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Year : 2011  |  Volume : 27  |  Issue : 4  |  Page : 485-488

Preventive analgesia: Effect of small dose of ketamine on morphine requirement after renal surgery

Department of Anaesthesia and Critical Care, Institute of Kidney Diseases and Research Centre, Ahmedabad, Gujarat, India

Correspondence Address:
Beena Parikh
Department of Anaesthesia and Critical Care, Institute of Kidney Diseases and Research Centre, Civil Hospital Campus, Ahmedabad - 380 016, Gujarat
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Source of Support: None, Conflict of Interest: None

DOI: 10.4103/0970-9185.86592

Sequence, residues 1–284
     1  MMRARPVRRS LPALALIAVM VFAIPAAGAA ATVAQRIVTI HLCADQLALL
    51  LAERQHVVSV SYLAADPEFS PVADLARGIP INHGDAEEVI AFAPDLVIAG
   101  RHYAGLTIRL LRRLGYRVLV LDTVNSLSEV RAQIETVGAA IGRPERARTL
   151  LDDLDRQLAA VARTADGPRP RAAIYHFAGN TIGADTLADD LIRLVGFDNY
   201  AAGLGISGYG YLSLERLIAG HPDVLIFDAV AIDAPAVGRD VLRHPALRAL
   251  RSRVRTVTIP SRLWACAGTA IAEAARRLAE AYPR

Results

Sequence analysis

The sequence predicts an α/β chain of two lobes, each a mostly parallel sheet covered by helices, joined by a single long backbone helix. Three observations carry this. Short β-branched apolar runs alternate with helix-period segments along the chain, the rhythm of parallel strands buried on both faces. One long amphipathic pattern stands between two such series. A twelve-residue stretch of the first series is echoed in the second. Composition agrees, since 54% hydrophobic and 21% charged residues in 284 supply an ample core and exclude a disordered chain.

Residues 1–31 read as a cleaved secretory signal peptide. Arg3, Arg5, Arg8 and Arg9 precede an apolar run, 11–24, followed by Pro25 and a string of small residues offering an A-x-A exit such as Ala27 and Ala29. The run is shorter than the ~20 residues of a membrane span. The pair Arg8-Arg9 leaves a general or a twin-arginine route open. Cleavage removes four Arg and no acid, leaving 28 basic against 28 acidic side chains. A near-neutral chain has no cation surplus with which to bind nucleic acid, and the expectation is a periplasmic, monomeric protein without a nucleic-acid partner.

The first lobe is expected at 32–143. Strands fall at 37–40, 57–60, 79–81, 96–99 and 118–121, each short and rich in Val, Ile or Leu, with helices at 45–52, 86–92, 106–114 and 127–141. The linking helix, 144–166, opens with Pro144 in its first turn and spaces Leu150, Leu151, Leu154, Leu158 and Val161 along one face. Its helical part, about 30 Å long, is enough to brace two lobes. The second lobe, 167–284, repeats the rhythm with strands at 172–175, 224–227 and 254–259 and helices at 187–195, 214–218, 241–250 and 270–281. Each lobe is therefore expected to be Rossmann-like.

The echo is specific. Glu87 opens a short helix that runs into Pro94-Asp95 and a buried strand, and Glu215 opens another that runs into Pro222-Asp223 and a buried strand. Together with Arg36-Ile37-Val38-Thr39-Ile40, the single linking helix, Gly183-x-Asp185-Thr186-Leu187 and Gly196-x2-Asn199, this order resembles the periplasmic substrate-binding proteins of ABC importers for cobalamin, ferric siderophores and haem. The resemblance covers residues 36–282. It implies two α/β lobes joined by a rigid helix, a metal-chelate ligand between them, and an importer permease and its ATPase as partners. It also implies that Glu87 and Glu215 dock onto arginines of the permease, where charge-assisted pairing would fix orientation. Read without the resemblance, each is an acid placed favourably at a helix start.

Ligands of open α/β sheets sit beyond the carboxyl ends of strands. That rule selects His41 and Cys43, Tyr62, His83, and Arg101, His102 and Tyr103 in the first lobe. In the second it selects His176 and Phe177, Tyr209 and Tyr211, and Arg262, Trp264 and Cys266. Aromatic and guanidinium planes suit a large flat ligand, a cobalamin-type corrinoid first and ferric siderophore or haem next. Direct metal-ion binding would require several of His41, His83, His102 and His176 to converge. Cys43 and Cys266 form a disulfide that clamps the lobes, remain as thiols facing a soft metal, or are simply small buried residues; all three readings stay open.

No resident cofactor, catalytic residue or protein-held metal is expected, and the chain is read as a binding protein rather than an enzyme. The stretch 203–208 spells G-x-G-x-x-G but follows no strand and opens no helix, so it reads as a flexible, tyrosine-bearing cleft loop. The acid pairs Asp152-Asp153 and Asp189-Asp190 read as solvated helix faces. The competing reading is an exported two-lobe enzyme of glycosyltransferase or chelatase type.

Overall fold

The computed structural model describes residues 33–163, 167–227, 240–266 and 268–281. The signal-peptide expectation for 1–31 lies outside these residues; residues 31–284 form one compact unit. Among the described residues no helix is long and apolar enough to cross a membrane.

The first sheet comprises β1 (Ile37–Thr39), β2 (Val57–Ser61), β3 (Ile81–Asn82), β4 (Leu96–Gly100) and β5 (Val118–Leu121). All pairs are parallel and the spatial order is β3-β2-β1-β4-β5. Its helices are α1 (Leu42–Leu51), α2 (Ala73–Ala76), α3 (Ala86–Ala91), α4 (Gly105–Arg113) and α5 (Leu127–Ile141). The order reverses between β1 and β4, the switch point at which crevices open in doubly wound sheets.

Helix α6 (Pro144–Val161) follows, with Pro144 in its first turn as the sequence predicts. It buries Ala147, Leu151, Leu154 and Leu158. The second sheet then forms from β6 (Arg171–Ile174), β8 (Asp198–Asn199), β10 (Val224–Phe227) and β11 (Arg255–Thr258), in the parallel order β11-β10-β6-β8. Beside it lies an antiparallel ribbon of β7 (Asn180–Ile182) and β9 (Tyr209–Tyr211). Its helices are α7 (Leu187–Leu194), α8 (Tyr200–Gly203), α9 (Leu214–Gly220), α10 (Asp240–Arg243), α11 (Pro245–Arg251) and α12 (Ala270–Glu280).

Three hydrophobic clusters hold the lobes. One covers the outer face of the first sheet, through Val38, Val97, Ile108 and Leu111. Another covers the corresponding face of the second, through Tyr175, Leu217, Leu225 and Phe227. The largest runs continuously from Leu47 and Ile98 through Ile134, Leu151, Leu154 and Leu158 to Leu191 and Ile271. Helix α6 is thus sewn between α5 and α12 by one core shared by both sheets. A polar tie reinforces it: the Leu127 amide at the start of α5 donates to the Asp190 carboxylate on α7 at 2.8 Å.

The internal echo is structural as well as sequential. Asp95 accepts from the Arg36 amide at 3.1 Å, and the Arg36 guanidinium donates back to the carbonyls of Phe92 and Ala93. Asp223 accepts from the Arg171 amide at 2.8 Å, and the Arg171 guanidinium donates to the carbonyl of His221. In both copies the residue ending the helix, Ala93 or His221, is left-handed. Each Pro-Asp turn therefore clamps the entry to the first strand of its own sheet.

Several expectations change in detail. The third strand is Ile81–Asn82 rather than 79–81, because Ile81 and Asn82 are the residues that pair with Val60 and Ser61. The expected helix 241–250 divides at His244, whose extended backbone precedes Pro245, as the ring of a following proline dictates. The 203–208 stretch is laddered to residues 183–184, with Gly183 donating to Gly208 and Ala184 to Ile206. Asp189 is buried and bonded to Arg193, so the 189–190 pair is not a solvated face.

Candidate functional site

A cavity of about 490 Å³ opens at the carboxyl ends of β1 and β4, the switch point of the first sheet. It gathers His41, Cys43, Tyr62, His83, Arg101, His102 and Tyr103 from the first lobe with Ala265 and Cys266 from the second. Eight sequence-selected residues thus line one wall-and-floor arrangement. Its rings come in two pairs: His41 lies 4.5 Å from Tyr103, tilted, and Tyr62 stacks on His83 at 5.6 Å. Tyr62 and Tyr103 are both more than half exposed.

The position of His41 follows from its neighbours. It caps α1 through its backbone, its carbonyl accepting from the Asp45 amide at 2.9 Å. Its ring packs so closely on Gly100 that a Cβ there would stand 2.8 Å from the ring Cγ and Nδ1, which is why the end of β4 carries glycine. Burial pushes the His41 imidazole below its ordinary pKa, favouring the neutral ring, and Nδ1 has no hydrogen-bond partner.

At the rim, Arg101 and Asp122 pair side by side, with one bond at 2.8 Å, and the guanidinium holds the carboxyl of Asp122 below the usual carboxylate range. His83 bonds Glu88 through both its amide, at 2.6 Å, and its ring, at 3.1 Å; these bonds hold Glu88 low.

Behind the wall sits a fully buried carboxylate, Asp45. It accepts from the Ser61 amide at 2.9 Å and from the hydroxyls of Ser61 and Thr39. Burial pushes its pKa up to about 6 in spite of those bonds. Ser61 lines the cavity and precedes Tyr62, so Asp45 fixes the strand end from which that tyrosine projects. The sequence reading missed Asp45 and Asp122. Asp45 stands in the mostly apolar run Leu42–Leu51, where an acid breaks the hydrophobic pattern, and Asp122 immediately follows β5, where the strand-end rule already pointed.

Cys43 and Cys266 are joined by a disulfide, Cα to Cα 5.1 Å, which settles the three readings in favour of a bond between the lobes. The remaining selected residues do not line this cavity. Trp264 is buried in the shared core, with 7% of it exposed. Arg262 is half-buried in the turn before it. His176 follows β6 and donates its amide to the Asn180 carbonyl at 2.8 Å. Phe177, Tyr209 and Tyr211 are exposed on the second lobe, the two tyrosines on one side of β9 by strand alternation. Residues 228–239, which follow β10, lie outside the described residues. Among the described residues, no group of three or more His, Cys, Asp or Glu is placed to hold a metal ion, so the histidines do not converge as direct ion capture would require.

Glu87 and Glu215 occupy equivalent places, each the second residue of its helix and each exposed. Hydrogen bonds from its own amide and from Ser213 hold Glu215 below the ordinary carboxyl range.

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Background : N-methyl D-Aspartate (NMDA) receptors seem to be responsible for pain memory and their blockade can contribute significantly in prevention of pain. This study was conducted to evaluate the preventive effect of small dose of ketamine, a NMDA receptor blocker, given before skin incision in renal surgery, with the aim to compare analgesic efficacy, intra operative and post-operative side effects. Materials and Methods : In a prospective double-blind study, 60 American Society of Anesthesiologists (ASA) risk I and II adult patients scheduled for elective open renal surgeries by flank incision were randomly divided in two groups. Ketamine group (group K) received ketamine 0.15 mg/kg intravenously, 30 minute before start of surgery followed by infusion of ketamine 2 mcg/kg/min till start of skin closure. Control group (group C) received normal saline in place of ketamine. Both groups received morphine 0.15 mg/ kg i.v. at the time of skin closure. The analgesic efficacy was judged by visual analogue scale (VAS) at rest and on movement, time to first analgesic and morphine consumption in 24 hours. Opioid or ketamine related side effects were also recorded. Results : Patients in ketamine group had significantly lower VAS score, longer time to first analgesic (21.6 ± 0.12 Vs 3.8 ± 0.7 hrs), and lower morphine consumption (5.8 ± 1.48 Vs 18.1 ± 1.6 mg) in 24 hours. There were no demonstrable side effects related to ketamine in group K whereas incidence of nausea and vomiting was higher in group C. Conclusion : Our results demonstrate that small dose of ketamine decreases post-operative pain, reduces morphine consumption, and delays patients request for analgesia beyond the clinical duration of action of ketamine after open renal surgery.

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